Official lottery is a gambling game wherein people pay money to win prizes that are declared by the government. It is the largest form of gambling in the United States and is regulated by state governments. The governing bodies make rules to determine how much the games are and the odds of winning. Some states use the proceeds from the games to support education, while others use them for other public purposes such as road and park maintenance.

Lotteries are an important part of American culture and have been around for centuries. In the past, private citizens and colonial governments used them to award monetary prizes, land, houses, slaves, and other goods. After the revolution, lotteries became a popular way for the state to raise money for public purposes.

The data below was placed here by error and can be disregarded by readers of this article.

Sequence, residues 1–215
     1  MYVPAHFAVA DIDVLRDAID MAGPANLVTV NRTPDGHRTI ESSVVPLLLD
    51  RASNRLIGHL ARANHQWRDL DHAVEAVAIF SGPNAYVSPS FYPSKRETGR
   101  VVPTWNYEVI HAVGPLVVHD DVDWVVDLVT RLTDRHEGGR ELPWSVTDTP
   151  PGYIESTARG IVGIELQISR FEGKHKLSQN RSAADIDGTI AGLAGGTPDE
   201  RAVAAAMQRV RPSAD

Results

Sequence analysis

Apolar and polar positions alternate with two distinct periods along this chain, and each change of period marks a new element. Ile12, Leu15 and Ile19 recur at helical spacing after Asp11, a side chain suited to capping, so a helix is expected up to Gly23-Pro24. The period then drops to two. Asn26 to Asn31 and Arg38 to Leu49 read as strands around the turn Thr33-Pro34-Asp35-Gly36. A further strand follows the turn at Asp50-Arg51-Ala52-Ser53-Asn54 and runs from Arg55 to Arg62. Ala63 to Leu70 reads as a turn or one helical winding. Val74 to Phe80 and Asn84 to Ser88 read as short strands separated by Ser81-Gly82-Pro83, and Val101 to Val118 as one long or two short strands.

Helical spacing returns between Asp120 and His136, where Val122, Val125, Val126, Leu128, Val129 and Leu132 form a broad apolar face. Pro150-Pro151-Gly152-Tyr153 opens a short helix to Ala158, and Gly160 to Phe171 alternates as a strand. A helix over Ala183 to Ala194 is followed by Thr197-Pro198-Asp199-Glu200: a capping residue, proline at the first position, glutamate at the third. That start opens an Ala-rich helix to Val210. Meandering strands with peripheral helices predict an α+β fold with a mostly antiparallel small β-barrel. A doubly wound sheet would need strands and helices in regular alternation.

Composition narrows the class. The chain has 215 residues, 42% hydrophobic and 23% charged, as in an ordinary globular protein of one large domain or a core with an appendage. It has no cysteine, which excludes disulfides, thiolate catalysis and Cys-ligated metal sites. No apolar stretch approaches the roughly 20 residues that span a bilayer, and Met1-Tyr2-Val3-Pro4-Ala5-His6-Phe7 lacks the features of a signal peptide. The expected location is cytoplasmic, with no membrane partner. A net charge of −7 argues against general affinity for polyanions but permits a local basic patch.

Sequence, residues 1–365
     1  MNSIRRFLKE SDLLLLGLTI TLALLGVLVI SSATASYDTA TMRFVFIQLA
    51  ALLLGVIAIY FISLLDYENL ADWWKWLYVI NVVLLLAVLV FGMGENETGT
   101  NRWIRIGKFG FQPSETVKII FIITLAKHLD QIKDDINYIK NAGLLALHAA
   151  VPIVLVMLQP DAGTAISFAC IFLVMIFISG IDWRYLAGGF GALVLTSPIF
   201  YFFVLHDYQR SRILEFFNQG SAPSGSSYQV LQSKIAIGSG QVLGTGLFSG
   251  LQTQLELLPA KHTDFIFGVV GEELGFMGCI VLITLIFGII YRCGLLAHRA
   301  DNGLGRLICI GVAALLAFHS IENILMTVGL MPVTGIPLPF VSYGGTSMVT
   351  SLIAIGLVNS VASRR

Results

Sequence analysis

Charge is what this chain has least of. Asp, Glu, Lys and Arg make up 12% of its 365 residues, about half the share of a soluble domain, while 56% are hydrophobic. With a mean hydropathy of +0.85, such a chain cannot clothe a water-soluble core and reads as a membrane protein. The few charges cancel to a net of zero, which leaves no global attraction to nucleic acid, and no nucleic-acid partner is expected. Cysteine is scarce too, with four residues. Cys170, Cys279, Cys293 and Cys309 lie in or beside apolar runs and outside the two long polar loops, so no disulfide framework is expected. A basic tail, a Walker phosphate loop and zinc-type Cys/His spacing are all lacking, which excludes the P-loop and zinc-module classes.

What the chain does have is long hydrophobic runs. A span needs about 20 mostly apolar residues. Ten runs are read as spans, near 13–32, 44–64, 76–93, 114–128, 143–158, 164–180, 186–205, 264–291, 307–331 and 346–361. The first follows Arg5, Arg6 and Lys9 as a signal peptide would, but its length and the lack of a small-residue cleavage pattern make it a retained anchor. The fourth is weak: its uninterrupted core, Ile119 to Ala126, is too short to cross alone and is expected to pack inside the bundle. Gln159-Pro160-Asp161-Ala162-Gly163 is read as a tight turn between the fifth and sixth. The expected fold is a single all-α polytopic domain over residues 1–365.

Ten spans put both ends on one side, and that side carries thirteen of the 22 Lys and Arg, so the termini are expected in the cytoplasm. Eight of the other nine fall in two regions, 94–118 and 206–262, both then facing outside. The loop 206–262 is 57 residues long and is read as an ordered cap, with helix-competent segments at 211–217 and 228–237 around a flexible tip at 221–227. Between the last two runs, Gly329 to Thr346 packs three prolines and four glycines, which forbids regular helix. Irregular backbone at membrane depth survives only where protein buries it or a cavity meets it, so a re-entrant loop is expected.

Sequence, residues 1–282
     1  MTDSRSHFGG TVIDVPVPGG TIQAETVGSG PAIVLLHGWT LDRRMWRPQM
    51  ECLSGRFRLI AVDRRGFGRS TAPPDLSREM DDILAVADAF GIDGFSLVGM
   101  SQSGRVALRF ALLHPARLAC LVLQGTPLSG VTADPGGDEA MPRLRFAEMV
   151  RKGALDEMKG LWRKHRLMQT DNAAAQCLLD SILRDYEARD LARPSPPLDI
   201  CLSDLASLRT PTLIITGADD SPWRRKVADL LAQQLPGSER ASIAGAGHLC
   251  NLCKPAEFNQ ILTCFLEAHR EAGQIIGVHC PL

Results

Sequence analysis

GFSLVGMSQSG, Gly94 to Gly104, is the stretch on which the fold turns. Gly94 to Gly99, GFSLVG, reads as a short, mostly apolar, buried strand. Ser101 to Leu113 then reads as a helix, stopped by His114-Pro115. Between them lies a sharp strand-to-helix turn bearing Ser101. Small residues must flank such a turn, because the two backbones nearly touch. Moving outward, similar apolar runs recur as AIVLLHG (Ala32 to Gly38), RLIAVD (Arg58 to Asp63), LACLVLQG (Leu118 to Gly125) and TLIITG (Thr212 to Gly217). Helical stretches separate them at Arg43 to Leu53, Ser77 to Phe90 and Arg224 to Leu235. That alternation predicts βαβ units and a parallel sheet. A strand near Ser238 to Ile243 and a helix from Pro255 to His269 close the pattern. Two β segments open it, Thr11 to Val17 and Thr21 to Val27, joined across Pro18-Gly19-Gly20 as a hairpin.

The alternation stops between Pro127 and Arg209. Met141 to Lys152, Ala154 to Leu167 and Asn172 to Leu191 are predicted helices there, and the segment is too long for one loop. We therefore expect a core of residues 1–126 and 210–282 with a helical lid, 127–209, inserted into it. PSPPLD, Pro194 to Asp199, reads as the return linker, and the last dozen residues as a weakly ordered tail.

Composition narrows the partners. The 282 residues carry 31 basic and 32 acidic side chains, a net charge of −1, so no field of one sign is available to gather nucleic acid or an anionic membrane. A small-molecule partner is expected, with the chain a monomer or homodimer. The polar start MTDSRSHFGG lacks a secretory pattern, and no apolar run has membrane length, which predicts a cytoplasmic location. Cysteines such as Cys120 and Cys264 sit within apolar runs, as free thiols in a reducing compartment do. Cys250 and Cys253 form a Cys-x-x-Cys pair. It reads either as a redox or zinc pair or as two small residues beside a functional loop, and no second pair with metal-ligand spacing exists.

Between 1964 and 2019, the states have raised a total of $502 billion through lotteries. That sounds like a lot, but when compared to actual state government revenue, it’s only about 1 or 2 percent of the budgets. That means that the rest of the money has to come from other sources, such as income taxes, property tax, sales tax, and general fund appropriations.

State lotteries are a business that makes money, so the commissions have every incentive to tell voters and players all of the good they’re doing by raising revenue. The problem is that this narrative obscures how regressive the games are and how much people spend on them.